A Howard Hughes Medical Institute Early Career Scientist Award winner, Bear is probing the steps of cell motility- how cells move- with a goal of using that knowledge to derail cancer metastasis. He conducts research on a family of proteins called coronins.

“We think these proteins have been with us for nearly a billion years on planet earth. To me, something that’s that old is doing something interesting, even if we don’t understand it. That was one of the bases on which I founded my lab.”

Coronins regulate cell migration both at the leading edge of the movement and at the point of disassembling the cell as it unattaches and moves.

Watch videos

  • In this video interview Dr. Bear talks about how he got interested in becoming a scientist and a builder of microscopes to capture cell movement. Watch now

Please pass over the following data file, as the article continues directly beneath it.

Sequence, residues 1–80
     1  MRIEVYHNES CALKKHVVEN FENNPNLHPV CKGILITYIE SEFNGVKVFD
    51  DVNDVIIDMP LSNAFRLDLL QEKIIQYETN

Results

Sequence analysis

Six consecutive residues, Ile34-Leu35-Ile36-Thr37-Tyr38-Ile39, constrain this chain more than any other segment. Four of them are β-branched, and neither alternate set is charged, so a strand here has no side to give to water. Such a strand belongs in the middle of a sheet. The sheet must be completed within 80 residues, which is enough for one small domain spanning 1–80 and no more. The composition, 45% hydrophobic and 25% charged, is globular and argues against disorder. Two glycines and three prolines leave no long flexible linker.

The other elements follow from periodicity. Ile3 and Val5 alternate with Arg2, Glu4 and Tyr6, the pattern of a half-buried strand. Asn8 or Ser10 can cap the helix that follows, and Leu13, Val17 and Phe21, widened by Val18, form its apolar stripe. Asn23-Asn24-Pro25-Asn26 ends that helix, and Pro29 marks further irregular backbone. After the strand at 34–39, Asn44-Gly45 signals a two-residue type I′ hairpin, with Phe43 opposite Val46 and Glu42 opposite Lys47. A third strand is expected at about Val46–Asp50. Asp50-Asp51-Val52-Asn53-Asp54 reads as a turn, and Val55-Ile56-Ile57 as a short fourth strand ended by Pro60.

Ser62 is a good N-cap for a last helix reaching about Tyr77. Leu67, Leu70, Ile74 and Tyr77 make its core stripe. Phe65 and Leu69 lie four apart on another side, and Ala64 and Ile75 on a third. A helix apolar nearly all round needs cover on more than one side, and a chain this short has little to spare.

• In this video presentation, Dr. Bear discusses cell movement and the proteins actin and coronin. Watch now
  • This set of videos provides a tutorial on the four steps of cell movement, with cell movies narrated by Dr. Bear.

Learn more about Dr. Bear’s Howard Hughes Medical Institute Early Career Scientist Award: and


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What would Mendel say?

We’ve come a long way since Gregor Mendel published his “Experiments on plant hybrids” in 1866.

Okay, so he didn’t discover genes, but Mendel did use the terms  “dominant” and “recessive” to describe the appearance of a character (like the color purple), which in today’s parlance is roughly the  equivalent of gene expression. In any event, the full significance of his work wasn’t fully realized until the 1930s.